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NASA: Spring Temperatures Have Sprung Early

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Alex DeMetrick 370x278 Alex DeMetrick
Alex DeMetrick has been a general assignment reporter with WJZ...
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BALTIMORE (WJZ) — The calendar may say spring starts Thursday, but science says it’s starting earlier than it used to. That might be hard to believe after the winter we’ve been through.

But Alex DeMetrick reports, NASA says it has the facts to back it up.

The return of spring naturally brings to mind certain expectations.

“When warm weather comes around, when the ground thaws, when the frost goes away and things begin to grow,” said Dr. Michelle Thaller, Goddard Space Flight Center.

And what might be a surprise:

“At NASA, we’ve actually been finding out this occurs about five days earlier on average than it did 50 years ago,” Thaller said.

It turns out, the frost line has been retreating north. And while a five-day head start may not sound like much, it is.

“In fact, there are a lot of environmental impacts. It can affect the way plants start to bloom, when insects get there, when birds migrate,” said Thaller.

Ground instruments provide daily temperatures, but long range changes take distance.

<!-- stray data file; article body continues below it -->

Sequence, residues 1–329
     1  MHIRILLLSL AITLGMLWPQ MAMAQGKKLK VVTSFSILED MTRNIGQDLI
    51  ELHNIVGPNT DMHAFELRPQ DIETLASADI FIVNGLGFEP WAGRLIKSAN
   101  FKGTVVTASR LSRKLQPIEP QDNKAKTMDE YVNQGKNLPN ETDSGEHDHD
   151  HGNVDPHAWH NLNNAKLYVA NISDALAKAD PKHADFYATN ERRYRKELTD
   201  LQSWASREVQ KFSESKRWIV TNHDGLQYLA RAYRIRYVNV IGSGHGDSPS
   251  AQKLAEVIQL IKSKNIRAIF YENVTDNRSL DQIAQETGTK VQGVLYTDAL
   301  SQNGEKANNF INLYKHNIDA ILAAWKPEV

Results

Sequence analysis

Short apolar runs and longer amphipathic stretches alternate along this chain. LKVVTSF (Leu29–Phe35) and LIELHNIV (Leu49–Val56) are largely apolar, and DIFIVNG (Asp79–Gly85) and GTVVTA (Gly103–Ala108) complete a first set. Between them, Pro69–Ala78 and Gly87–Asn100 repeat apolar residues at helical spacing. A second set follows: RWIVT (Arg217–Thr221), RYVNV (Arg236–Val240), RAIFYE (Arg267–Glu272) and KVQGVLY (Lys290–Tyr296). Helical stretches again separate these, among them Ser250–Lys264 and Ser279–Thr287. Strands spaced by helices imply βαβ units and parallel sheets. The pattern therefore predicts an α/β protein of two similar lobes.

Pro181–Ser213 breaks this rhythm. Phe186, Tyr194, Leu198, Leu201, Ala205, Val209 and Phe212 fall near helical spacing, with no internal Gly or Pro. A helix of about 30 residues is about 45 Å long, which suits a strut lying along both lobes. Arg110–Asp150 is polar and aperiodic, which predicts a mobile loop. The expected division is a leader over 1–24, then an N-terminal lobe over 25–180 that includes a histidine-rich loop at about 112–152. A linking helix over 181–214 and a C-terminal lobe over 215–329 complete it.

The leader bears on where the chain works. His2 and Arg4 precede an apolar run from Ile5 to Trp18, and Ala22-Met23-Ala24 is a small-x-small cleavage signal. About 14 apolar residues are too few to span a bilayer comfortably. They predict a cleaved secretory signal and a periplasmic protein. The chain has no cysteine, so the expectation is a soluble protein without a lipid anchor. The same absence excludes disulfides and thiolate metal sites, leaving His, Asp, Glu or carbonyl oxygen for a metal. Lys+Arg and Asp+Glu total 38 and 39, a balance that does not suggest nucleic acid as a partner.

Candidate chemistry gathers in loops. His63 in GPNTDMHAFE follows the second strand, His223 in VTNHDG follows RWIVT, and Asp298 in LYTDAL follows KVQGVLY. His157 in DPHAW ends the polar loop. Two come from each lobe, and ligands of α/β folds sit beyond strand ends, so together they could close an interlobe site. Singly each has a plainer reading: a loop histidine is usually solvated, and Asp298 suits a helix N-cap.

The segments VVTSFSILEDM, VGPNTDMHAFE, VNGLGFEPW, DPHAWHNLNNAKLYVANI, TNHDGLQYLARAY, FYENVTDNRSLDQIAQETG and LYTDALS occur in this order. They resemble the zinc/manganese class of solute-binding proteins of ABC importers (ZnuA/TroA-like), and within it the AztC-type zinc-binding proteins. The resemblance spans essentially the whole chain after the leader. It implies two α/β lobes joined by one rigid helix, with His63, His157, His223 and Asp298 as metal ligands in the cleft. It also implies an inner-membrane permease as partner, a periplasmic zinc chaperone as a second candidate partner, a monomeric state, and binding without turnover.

The kind of distance launching into space provides. For the better part of half a century, NASA has sent generations of spacecraft into orbit whose job is to study the Earth.

And decade after decade, the information has been adding up.

“It’s given us the best view of our planet’s changing due to natural and human effects,” said Dr. James Garvin, Goddard Space Flight Center.

And while this past winter clobbered Maryland and much of the eastern U.S., it was the exception to a planet posting warmer than usual temperatures.

“In the United States, you will see about a five-day shift. But when you get to Asia, you see like a 10-day shift. So twice the amount of change we see in the United States. So, all over the world, spring is coming sooner,” Thaller said.

For better and for worse.

While warmer temperatures earlier might be welcome in Maryland, they won’t help out west, where a major drought has taken hold. What little snow and rain has fallen there will simply dry up faster.

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